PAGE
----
I loved my fourth grade teacher. It was 1976, and Ms. Andrews was the coolest thing in my world.
Until then, my teachers had all been kindly schoolmarm types. Not Ms. Andrews. She was young, with long black hair, giant hoop earrings, and plenty of eyeliner. She wore fabulous clothes—elephant leg pants and jumpsuits in bold, primary colors. Her appearance alone commanded our attention. And she was fun; if we were good, she’d move our desks aside and give us Hustle lessons.
But Ms. Andrews was more than just a pretty face. By fourth grade, I had moved through five elementary schools. I was the perpetual new kid, always uncomfortable, and unsure how to fit in. Ms. Andrews guided me through that challenging year; she helped me sort out the complexities of making friends, and encouraged my love of reading and writing. She steadfastly refused to accept anything less than my best work, and even let me drop off missed assignments at her house. So even though I can no longer recall the name of that school (we moved again at that summer), I will forever remember Ms. Andrews.
Over the years, my kids have been blessed with a handful of these memorable teachers. While they’ve never been the new kids, they’ve had their challenges, even in our beloved neighborhood school. My oldest is a bit quirky, and it takes a special individual to understand and inspire him. The teachers who do are dear to my heart, and I’m thrilled when one of my younger children lands in their care. Last year, we said goodbye to our beloved first grade teacher as our youngest moved through her class. There were tears all around. (more…)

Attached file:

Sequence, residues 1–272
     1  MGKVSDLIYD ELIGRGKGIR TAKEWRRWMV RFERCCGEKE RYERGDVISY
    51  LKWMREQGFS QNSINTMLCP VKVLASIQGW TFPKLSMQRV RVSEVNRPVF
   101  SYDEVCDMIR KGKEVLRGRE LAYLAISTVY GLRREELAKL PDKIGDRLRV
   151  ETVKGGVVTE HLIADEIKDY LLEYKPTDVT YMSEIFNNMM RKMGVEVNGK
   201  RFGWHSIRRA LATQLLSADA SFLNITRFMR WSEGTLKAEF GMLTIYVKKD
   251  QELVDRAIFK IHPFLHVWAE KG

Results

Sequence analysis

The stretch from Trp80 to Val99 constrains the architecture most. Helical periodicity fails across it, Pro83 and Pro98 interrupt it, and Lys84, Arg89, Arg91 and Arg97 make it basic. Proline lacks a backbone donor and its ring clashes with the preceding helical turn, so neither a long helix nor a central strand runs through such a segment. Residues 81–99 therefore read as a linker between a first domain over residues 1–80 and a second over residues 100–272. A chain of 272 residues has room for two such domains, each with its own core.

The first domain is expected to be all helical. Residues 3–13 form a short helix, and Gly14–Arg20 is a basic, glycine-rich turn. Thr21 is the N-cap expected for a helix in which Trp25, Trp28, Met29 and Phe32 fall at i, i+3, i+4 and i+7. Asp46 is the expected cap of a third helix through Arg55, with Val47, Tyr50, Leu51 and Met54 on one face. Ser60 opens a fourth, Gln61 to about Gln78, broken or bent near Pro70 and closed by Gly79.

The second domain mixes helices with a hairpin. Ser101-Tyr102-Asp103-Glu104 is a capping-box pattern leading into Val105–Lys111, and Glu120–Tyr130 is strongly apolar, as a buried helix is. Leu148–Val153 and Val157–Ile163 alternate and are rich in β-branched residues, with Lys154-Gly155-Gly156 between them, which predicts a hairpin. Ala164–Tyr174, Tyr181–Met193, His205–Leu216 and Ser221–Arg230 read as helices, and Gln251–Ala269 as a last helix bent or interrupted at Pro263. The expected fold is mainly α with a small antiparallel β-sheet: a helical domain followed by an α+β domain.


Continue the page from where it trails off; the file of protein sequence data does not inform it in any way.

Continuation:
Baseball fever is running high and fans are root-root-rooting for the home team as the season gets underway. Whether you are part of the crowd gathered at a major league ballpark or little league stand, sitting hunched over your 5-inch black and white or lounging in front of the plasma TV, baseball is best enjoyed in the company of another All-American—Popcorn!
Like baseball, popcorn is a product of the Americas and has been around for thousands of years. Yet over time, it has remained a simple little kernel of goodness. Wholesome and whole grain popcorn contains energy-producing carbohydrates and provides needed !ber to the diet. And, popcorn is naturally low in fat and calories— a great asset for a team player.
If your fan has a serious case of baseball fever, offer them a homemade remedy that is sure to cure. (more…)
There are few pleasures that compare to eating something fresh from the garden. And what simpler thing to grow than herbs? They require little space, need minimal care and yield big flavor. During winter months, packaged herbs are a godsend. But in the summertime, nothing beats grabbing a handful of greens from the yard to flavor a dish or adorn a table.
Growing your own herbs is more economical than the store packaged variety, too, especially when planting perennials. And at the end of growing season, herbs can be dried for winter use or tied together for aromatic bouquets. If you don’t have the space for a specific herb garden, plant them in your flower bed or vegetable garden, or if you lack a garden altogether, herbs will grow in a window box or windowsill. (more…)